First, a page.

BUG: Fix streamplot when velocity component is exactly zero. #1189

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merged 4 commits into from Sep 2, 2012

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tonysyu commented Sep 1, 2012

When one component of the velocity field is zero, streamplot fails to draw streamlines. Here's a short example of the issue:

import matplotlib.pyplot as plt
import numpy as np

N = 10
Y, X = np.mgrid[:N, :N]
U = np.ones((N, N))
V = np.zeros((N, N))

plt.streamplot(X, Y, U, V)
plt.show()

Explanation of fix:
Negative and positive steps are treated differently by the code. Before, a zero gradient (cx, cy) was getting treated as a negative step. This resulted in a step size of -inf; treating zero as a positive step results in a step size of (positive) inf. This inf value gets filtered out since the integration routine chooses the smaller of the two (dsx, dsy) step sizes.

This pull request fails (merged 5639974 into 9448ff2).

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efiring commented Sep 1, 2012

@tonysyu, I'm sorry, but I really don't like either the original form or the fix. One should not divide by zero. Relying on it to return inf is not good. At the very least, it raises a RuntimeWarning. Depending on the types of the arguments, it could fail completely. The zero-denominator case should be trapped and handled appropriatedly.

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tonysyu commented Sep 1, 2012

@efiring Yeah, it felt a little flakey to me too, but I was just trying to make a minimal change.

Do you think checking for zero and setting the step size to inf would be appropriate? This fix would still rely on min removing the inf later on; if both steps are inf then it would fail. This shouldn't happen, though, since _euler_step is only called when the local velocity causes a trajectory to go beyond the domain boundaries (which wouldn't happen if both velocity components are zero).

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efiring commented Sep 2, 2012

@tonysyu, I think your suggestion above is OK. I don't see anything better, offhand.

Contributor

tonysyu commented Sep 2, 2012

I've added the checks to prevent divide-by-zero warnings. I could explicitly check if both values are zero, but like I said, this shouldn't happen.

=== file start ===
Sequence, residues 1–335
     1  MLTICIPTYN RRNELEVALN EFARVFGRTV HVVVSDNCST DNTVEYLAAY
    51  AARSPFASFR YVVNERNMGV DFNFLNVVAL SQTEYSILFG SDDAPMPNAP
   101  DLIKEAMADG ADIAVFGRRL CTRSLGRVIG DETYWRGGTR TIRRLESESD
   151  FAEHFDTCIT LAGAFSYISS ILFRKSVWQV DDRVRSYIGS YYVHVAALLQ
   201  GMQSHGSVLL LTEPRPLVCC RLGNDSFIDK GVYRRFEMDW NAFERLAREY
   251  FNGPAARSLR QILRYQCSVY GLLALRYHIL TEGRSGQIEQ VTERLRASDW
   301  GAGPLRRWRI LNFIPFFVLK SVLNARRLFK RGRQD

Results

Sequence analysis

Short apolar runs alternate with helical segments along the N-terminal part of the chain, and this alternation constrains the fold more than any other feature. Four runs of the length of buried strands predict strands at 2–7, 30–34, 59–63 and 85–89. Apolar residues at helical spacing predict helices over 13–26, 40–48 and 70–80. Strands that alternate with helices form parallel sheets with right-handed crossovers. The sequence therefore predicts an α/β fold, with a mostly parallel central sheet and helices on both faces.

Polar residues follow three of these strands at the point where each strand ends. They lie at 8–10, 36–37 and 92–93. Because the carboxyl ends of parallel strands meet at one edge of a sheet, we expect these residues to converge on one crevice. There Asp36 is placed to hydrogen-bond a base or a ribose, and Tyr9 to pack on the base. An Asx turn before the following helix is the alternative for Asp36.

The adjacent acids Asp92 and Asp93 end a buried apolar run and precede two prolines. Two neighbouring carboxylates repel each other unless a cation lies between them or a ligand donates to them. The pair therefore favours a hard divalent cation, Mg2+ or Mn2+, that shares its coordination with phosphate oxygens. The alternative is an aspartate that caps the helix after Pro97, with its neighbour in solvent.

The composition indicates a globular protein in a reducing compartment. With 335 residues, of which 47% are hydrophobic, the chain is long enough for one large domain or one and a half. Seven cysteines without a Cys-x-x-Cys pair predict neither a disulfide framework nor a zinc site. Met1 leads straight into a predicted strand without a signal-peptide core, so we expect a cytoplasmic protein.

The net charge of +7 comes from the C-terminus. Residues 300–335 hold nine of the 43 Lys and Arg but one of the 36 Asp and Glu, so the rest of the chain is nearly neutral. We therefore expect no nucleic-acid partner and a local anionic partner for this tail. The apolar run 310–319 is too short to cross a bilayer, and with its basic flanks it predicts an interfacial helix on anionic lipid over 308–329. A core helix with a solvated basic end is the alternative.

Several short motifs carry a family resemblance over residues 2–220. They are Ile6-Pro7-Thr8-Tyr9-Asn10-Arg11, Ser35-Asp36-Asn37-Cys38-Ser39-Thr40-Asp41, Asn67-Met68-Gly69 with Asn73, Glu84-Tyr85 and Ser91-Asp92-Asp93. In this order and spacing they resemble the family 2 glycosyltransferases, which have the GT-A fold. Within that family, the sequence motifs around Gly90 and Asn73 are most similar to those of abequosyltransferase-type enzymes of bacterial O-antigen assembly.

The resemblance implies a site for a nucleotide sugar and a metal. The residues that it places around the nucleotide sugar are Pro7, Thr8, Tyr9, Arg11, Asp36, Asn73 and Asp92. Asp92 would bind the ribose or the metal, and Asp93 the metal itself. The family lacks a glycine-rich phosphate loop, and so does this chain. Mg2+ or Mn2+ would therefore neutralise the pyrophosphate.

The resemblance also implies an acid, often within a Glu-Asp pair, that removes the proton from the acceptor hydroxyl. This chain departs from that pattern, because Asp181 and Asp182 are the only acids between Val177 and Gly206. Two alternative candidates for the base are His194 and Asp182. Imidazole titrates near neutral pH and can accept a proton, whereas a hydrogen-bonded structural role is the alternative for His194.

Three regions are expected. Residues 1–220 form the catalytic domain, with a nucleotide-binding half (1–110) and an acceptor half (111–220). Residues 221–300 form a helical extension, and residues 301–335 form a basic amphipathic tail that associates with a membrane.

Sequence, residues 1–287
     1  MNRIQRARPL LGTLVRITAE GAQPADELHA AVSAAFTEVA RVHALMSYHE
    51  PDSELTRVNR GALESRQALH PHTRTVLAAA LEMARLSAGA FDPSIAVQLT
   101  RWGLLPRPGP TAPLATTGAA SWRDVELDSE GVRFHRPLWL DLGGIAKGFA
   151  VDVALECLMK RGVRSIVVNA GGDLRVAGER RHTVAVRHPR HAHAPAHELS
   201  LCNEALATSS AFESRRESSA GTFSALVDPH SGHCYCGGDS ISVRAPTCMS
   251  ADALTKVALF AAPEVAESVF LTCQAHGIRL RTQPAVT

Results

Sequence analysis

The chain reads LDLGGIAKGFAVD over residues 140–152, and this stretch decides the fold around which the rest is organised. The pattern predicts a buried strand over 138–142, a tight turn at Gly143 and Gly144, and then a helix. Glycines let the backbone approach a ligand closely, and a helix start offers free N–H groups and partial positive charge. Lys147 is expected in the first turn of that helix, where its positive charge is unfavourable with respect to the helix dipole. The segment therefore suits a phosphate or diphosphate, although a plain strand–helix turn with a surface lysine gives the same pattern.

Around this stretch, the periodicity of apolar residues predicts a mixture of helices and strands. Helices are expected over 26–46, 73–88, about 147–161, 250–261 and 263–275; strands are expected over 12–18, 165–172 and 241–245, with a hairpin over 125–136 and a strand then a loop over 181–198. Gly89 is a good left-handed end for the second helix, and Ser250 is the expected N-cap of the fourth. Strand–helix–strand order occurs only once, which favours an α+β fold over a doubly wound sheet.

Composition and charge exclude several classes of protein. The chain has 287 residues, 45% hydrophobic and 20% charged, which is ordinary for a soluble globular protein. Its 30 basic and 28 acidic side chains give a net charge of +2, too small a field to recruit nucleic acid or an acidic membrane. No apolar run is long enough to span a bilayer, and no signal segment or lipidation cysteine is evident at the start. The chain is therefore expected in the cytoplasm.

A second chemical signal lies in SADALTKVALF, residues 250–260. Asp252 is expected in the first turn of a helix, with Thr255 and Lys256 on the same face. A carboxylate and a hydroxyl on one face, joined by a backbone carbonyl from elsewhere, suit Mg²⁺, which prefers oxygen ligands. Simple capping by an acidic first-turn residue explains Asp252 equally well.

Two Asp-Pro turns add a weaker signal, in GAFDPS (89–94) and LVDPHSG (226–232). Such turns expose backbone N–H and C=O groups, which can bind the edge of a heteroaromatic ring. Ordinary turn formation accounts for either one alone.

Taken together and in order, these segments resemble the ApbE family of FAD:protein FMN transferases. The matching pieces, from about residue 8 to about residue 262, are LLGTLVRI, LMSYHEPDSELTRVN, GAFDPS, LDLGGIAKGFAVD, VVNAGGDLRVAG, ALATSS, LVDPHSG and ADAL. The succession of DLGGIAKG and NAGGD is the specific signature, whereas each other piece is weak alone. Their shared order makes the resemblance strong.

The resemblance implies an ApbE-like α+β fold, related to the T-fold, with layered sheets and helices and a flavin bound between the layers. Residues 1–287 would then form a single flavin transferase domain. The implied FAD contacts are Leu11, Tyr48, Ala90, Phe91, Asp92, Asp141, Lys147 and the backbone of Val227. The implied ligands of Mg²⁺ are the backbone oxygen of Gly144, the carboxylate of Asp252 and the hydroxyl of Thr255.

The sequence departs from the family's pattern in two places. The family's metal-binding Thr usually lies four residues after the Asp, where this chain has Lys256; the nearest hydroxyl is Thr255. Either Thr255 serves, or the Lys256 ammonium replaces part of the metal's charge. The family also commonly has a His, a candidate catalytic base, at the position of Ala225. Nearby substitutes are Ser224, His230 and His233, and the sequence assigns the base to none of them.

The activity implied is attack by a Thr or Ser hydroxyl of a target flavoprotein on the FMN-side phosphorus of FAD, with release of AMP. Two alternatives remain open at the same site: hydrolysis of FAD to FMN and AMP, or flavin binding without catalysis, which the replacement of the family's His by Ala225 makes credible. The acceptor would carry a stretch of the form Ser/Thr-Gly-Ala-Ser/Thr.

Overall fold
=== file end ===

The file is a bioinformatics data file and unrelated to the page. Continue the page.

I also made a couple of changes to suppress other warnings. I usually don't like changes that venture beyond the PR's topic, but it seemed minor enough. I can revert these, if necessary.

This pull request fails (merged 1d4682c into 9448ff2).

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dmcdougall commented Sep 2, 2012

@tonysyu Perhaps I'm missing something but I have a potentially silly question. If the velocity field is close to zero, passive tracers (basically streamlines) don't move in the fluid. Is there any reason you're setting the step-size to inf as opposed to just not doing an Euler step?

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tonysyu commented Sep 2, 2012

Not a silly question at all: the idea here is that only one of the two (x, y) values should be set to inf. E.g. in a horizontal flow, it'd take an infinite step to reach the upper or lower boundary, but the distance to the left or right boundary would be finite.

This routine shouldn't get called if both velocity components are zero, which is why I'm not inclined to add an explicit check for that case. As far as being "close to zero", I'm not sure; were you thinking of some sort of threshold?

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dmcdougall commented Sep 2, 2012

Well, I was more thinking that, in your example of a horizontal flow, you would simply ignore the vertical component.

Contributor

tonysyu commented Sep 2, 2012

That's essentially what happens. The inf stuff in this PR is used to calculate the step size along the stream line. Then, this step size gets scaled to x and y components (for horizontal flow, the y-scale is exactly zero). Is this equivalent to what you had in mind?

@efiring efiring added a commit that referenced this pull request Sep 2, 2012

@efiring efiring Merge pull request #1189 from tonysyu/streamplot-fix-zero-velocity
BUG: Fix streamplot when velocity component is exactly zero.
4c1d072

@efiring efiring merged commit 4c1d072 into matplotlib:master Sep 2, 2012

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dmcdougall commented Sep 3, 2012

By 'stepsize' I meant the Euler step in the Runge Kutta scheme for the odes:

\dot{x} = u(x)
\dot{y} = v(x)

I think we're talking about different things.

Contributor

tonysyu commented Sep 4, 2012

There's definitely a lot of room for misunderstanding since there are 4 step sizes: dx, dy, ds, and dt. By your last comment, I assume you mean dt. Basically, the scheme calculates the ds (or similarly dt, since this takes a single step based on the velocities at x, y) required to reach the closest horizontal and vertical boundaries and chooses the shorter of the two.

When you say "we're talking about different things", do you mean that your original suggestion no longer applies? Or am I missing something?

Member

dmcdougall commented Sep 4, 2012

My suggestion was to enforce that ds (or dy) is zero when the velocity at x (or y) is zero. Then you don't need to deal with inf.

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